As a lead strategist at the Content Marketing Institute (among a number of other professional endeavors), Robert Rose is a renowned expert on all things related to content marketing. We recently asked Robert to share his thoughts on the topic of PR and its relation to content marketing, and the resulting Q&A below is chock full of tips and insights. We hope you enjoy it!
PR Newswire: What’s the first thing that comes to mind when you hear the term…
Robert Rose: Well, the first thing that comes to mind is “my job”. But the second thought is how marketers are using organic content and dynamic storytelling to positively affect business results.
RR: A core practice that is undergoing fundamental disruption. I’m a HUGE, passionate fan of public relations. But I think the practice of Public Relations has lost its way a bit – especially as it pertains to being the corporate “storyteller”. If there’s one group that should be embracing the ideas of content marketing – it’s PR. And, sadly, because in many cases it has lost its strategic seat at the table (save for crisis management) PR is one of the last departments to actually get to embrace content marketing.
Man’s best friend (a slight digression, but I had to throw this one in here given that you’re fellow dog lover)…
RR: Oh my god – you’re tempting me to embed pictures of my dog here aren’t you.
PRN: Yes. We are.
PRN: What are the parallels between content marketing and PR? (What does PR lend to content marketing, and vice versa?)
RR: I’m reading a wonderful book right now called PR! By Stuart Ewen. It’s basically a history of the practice. In that book, there’s a phrase that’s used frequently describing how “images used as persuasion” was at the core of PR. That’s directly related to content marketing of course. The question for brand marketers and product marketers is how can they tell the larger story of a brand/product to fill the emotional well of customers, in order to change or enhance their behavior. These are identical goals.
RR: I think maybe that it’s a separate thing from marketing. A well integrated PR program is much more than just investor relations and/or pushing content (news releases) into the publishing space or (candidly) more than issuing a “social” release that simultaneously tweets/blogs/distributes your latest press release. An integrated PR program is one key component of telling a broader and more valuable story. The opportunity is to really leverage earned media in order to power other parts of the marketing engine.
PRN: If a PR practitioner was sitting across the table from you right now, what advice would you give them as to how they can help their respective organizations amplify the results of their content strategies?
IRR: Well – that’s a bigger topic than this format allows for – and probably needs great beverages to go along with it. But here’s one quick piece of advice. The power of today’s distribution services is being squandered by most companies. Somewhere along the line, companies got the idea that there was only one way to write a press release – and we all swallowed the blue pill. Why does every press release read like a press release. Guess what – if we (as marketers or PR professionals) write the article we WANT the outlets to run – the distribution service will still distribute it. It doesn’t have to speak in Corporate-ese – or in some bland, “we’re proud to announce that blah blah blah”. Let’s start writing compelling, engaging content – and use the distribution service as a mechanism to get that story out in the market place.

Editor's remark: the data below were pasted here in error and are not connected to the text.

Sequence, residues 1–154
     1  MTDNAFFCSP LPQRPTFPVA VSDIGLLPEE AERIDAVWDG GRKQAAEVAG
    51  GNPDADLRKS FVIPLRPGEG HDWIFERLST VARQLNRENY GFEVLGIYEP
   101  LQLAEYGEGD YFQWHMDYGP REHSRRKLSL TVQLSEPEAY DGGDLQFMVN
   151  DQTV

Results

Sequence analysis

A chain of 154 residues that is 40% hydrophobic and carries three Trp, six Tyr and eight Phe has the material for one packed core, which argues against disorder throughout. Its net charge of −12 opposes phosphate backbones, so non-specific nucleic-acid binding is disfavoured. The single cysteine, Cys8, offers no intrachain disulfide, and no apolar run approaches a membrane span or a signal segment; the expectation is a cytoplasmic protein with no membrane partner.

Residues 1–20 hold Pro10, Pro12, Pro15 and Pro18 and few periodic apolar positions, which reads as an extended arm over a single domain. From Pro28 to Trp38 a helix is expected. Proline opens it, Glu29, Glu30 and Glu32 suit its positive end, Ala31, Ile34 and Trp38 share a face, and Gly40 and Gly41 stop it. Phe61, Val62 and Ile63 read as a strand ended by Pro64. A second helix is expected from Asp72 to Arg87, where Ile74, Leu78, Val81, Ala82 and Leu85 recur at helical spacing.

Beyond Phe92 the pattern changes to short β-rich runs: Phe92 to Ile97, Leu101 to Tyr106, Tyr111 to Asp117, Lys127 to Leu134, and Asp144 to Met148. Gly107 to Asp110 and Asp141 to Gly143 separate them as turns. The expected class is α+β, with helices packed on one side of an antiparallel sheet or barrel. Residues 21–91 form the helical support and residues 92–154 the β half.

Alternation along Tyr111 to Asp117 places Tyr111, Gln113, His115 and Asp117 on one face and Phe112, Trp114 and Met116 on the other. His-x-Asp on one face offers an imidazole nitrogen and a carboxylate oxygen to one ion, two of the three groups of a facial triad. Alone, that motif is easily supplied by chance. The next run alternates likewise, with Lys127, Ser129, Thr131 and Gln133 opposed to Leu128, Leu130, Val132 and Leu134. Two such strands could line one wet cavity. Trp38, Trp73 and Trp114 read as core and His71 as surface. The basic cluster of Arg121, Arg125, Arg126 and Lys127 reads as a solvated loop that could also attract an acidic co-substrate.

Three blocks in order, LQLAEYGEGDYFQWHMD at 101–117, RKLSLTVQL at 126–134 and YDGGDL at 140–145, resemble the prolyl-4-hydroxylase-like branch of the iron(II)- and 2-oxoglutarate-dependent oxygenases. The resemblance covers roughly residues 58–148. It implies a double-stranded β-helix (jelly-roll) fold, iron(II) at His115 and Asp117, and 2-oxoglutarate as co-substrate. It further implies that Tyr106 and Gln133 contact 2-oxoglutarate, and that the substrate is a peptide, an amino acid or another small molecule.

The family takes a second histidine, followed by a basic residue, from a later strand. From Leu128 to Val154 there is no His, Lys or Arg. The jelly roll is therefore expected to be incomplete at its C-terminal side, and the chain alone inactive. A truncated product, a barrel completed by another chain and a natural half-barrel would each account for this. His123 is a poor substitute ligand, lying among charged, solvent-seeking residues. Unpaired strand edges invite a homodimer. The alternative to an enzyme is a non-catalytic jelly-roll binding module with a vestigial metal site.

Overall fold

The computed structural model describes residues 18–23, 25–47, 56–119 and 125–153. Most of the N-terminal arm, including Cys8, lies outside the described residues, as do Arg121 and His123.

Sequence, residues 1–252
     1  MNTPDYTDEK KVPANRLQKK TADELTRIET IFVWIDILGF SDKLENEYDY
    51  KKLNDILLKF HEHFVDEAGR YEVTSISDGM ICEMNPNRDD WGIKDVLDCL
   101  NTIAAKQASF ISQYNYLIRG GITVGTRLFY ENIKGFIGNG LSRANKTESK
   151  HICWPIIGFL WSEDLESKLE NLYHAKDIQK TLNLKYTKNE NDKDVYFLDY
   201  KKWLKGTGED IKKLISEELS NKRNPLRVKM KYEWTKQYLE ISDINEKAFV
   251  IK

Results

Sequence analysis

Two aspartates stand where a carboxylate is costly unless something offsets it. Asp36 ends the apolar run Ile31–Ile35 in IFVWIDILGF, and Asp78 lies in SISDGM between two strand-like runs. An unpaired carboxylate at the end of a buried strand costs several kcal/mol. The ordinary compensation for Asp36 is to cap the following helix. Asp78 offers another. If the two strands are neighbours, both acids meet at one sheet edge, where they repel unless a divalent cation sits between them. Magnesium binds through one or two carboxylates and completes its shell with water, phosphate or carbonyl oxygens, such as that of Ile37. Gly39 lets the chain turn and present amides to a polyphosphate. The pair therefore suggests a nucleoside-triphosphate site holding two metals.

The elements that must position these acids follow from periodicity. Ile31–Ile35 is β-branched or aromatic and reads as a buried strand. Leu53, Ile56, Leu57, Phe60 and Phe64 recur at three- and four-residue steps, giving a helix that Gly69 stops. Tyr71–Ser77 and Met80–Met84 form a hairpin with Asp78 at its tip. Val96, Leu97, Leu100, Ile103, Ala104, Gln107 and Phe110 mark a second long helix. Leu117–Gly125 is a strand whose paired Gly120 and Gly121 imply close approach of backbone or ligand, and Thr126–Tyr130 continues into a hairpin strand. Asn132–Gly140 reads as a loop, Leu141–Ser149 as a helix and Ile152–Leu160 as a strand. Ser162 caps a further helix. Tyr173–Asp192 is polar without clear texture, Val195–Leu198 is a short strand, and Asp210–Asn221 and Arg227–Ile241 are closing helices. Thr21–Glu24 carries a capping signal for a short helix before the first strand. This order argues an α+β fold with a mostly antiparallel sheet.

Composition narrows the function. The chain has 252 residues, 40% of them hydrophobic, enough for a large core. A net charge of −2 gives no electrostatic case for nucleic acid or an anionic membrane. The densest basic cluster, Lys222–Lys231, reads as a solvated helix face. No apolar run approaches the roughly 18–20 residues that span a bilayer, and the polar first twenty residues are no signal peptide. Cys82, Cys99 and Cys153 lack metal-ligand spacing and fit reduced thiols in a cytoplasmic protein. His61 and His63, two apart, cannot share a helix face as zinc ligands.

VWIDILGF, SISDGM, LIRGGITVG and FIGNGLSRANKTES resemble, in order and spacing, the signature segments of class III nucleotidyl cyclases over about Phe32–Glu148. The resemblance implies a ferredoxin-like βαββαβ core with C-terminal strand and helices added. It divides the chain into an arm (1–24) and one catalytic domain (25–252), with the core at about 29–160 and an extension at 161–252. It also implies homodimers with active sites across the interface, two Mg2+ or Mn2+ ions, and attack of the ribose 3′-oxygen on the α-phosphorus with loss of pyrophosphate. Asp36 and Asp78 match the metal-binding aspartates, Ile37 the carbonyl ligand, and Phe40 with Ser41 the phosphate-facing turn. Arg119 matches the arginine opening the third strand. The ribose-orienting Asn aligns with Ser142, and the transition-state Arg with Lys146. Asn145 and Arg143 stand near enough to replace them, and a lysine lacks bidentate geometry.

PRN: What opportunities or benefits exist for organizations whose PR and marketing departments work collaboratively on a content strategy?
RR: The main opportunity and benefit is a truly cohesive story across paid, earned and owned media. The Altimeter folks are doing some great work on this front – and I’d encourage anyone to read their work on this topic. But truly, if you are interested in the ROI of Content Marketing, so much of it has to do with being able to leverage a cohesive story across these channels. For example, if we look at Coca Cola – and their content marketing. They produced a piece of content (The Security Camera video) and it was popular on YouTube. So, nice content marketing right? Well, right – except that they also used it as an ad for the Super Bowl (after they understood that it resonated on YouTube) and they got tons of earned media on outlets covering it. Paid, owned and earned media making content work MUCH harder for the organization and justifying the cost of creating great, impactful content.
PRN: Is there an organization, or two, that you can point to as being successful in rallying both marketing & PR departments around overall content goals to achieve results while working within a limited budget?
Yes, certainly (as mentioned) Coca Cola is doing as good a job with content as anyone. Also, of course, you can’t avoid mentioning Red Bull – who people have described as a media company that also sells a canned drink. But I’d also point to B2B companies like SAS and SAP who are doing a good job with content and storytelling. And, finally – State Farm Insurance and their work with the William Shatner fried turkey video is a wonderful example of marketing, PR – turning into great content marketing.
Learn more about how PR and content marketing strategies can be combined to produce powerful and compelling earned media that reaches the right audiences by tuning into our on-demand webinar,”Fueling the Content Marketing Engine Through PR.”